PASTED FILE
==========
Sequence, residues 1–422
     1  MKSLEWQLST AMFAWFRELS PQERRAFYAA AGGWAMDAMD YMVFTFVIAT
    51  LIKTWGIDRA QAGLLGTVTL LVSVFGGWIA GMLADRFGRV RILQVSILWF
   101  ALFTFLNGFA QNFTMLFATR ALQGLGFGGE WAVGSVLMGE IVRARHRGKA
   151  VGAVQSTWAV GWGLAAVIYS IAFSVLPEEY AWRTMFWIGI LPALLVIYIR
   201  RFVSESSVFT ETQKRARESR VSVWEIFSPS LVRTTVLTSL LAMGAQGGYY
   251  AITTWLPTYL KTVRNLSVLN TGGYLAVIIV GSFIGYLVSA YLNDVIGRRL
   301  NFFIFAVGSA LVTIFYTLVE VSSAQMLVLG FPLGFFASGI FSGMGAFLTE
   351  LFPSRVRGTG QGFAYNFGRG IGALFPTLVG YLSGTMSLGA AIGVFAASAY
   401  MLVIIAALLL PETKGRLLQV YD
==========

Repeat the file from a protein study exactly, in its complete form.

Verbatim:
Sequence, residues 1–422
     1  MKSLEWQLST AMFAWFRELS PQERRAFYAA AGGWAMDAMD YMVFTFVIAT
    51  LIKTWGIDRA QAGLLGTVTL LVSVFGGWIA GMLADRFGRV RILQVSILWF
   101  ALFTFLNGFA QNFTMLFATR ALQGLGFGGE WAVGSVLMGE IVRARHRGKA
   151  VGAVQSTWAV GWGLAAVIYS IAFSVLPEEY AWRTMFWIGI LPALLVIYIR
   201  RFVSESSVFT ETQKRARESR VSVWEIFSPS LVRTTVLTSL LAMGAQGGYY
   251  AITTWLPTYL KTVRNLSVLN TGGYLAVIIV GSFIGYLVSA YLNDVIGRRL
   301  NFFIFAVGSA LVTIFYTLVE VSSAQMLVLG FPLGFFASGI FSGMGAFLTE
   351  LFPSRVRGTG QGFAYNFGRG IGALFPTLVG YLSGTMSLGA AIGVFAASAY
   401  MLVIIAALLL PETKGRLLQV YD